Family shares sorrow at impaired driver’s sentencing hearing

Vince Bear and Raelene Adam, together with their younger son, Hayden, on the steps of Prince Albert's Court of Queen's Bench. Arthur White-Crummey/Daily Herald

A Muskoday man will spend nearly 30 months in prison for running over an 11-year-old boy while impaired on anti-anxiety medication.

The family of Jared Bear shared their grief at the sentencing hearing of Gordon Crain on Friday. Jared died on July 26, 2014 while biking with friends along a ditch near Muskoday First Nation. Crain drove off the road and struck the group. He hit one boy’s bike, and then careened into Jared, who struck the windshield and flew over the vehicle. Jared was transported to hospital, and later pronounced dead.

Crain sat still on Friday, his eyes closed, as the boy’s mother read her statement to the court.

“He was 19 days short of his birthday, and instead of planning a joyous day we had to plan what no parent ever should,” Raelene Adam said. “This was the day my life became a dream-like reality.”

Adam said she’s still stuck on that day, the day she was “robbed” of her son.

“I struggle daily with the pain, because not a single day goes by without my son on my mind, not a single minute,” she said. “I wonder vaguely how he would look today. I wonder how his voice would sound.”

Crown prosecutor Keith Amyotte said that Crain was “visibly intoxicated” when police arrived at the scene. He had “glossy eyes” and “small pupils.” Amyotte said that subsequent tests showed that Crain had taken a depressant, but not alcohol. They later found codeine in his system.

Crain’s lawyer, Mary McAuley, said that her client took a single pill of Clonazepam – a prescription medication for anxiety – before getting behind the wheel.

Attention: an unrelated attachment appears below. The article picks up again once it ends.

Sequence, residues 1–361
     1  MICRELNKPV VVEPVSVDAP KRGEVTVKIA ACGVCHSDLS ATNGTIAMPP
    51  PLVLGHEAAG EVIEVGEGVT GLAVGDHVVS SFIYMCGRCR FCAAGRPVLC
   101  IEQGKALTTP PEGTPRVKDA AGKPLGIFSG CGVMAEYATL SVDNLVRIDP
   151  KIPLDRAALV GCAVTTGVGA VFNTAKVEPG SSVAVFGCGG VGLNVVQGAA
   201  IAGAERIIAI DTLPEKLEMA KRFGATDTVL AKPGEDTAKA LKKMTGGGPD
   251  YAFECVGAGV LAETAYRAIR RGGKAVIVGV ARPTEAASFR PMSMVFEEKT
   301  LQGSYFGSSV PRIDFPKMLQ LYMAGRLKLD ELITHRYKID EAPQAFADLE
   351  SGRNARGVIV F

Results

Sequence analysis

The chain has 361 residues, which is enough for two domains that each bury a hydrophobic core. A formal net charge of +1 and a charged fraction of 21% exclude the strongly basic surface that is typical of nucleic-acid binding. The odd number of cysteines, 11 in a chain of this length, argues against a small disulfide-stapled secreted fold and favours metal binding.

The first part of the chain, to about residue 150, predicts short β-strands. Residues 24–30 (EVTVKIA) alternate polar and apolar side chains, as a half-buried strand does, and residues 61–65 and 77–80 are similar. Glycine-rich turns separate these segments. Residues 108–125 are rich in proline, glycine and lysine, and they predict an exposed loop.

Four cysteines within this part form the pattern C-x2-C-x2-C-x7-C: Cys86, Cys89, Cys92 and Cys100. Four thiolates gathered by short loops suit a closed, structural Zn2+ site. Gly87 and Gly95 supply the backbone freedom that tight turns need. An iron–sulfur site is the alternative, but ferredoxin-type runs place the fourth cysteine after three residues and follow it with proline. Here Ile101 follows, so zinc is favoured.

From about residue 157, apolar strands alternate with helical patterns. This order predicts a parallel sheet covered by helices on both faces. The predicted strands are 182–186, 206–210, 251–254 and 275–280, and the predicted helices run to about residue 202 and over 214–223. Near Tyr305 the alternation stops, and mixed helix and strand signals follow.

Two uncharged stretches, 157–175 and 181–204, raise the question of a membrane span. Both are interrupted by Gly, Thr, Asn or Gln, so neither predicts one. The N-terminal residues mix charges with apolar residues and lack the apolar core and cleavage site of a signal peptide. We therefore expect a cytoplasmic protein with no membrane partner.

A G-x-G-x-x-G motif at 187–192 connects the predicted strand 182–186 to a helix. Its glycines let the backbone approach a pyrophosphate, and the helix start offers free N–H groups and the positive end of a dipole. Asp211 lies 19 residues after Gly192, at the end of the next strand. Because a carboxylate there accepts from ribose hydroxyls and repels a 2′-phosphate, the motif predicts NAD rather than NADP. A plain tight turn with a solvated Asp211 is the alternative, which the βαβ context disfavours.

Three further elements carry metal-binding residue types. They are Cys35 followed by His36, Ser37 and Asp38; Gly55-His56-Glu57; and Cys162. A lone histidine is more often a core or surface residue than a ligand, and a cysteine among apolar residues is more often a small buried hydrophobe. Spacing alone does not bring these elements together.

The two lawyers had come to an agreement of sorts in a bid to avoid trial. Amyotte limited his sentencing recommendation to three years in a federal penitentiary. McAuley was calling for two years less a day in a provincial jail.

Almost 50 people gathered in the courtroom for the sentencing hearing. After Adam left the stand, Jared’s father, Vince Bear, took his turn.

“The loss of a child is the most devastating experience a parent can go through,” he said. “I’m just an empty shell.”

He said he can’t even bear seeing happy families. Memories of Jared surge up, “like a slap in the face.”

“Seeing children playing triggers images of Jared lying so still,” he said. “We will never experience his love again.

“My heart continues to scream: why, why my son in his youth? Vince asked. “How can we deal with his loss?”

Dakota Bear was one of the boys with Jared the day he died. He spoke of the “traumatizing” impact the experience has left, all these years later.

“I was afraid of every car that drove by,” he said. “Because I thought I was going to get struck.”

The judge accepted a pile of victim impact statements, but only a few spoke in court. When the last one left the stand, Crain, who rarely, if ever, opened his eyes, grabbed a tissue to dry his tears.

He spoke only briefly, offering an apology to the family.

“I just want to say sorry to the family of Jared Bear,” he said. “I’m very sorry.”

Hours later, Judge Currie read his reasons to the court. He acknowledged that Crain has a criminal record, including two past impaired driving convictions. But he pointed out that those incidents date back about 20 years.

But he said he also must take into account the tragedy of the case.

“I recognize that the time Mr. Crain will spend in prison will keep him from his family for some time,” he said. “I recognize too though that Jared Bear has been kept away from his family and friends forever.”

Currie settled on a sentence of 30 months in prison, with 11 days credit for time served. He also imposed a five-year driving ban.

Adam said she was disappointed with the sentence.

“We don’t feel that justice was served for the loss of our son,” she said. “It’s just a big slap in the face with that sentence that we got.”

She said that she doesn’t think Crain’s apology was genuine.

“Everything that he’s done so far is just to seek a shorter sentence,” said Adam. “I don’t think he understands or grasps how much pain he’s put us through.”

Adam said that she will never forget her son.

“This bond is so strong that not even death can break it,” she said. “He was the most loving child anyone could have asked for and I’m so grateful to the creator for letting me be his mother, even for a short time.”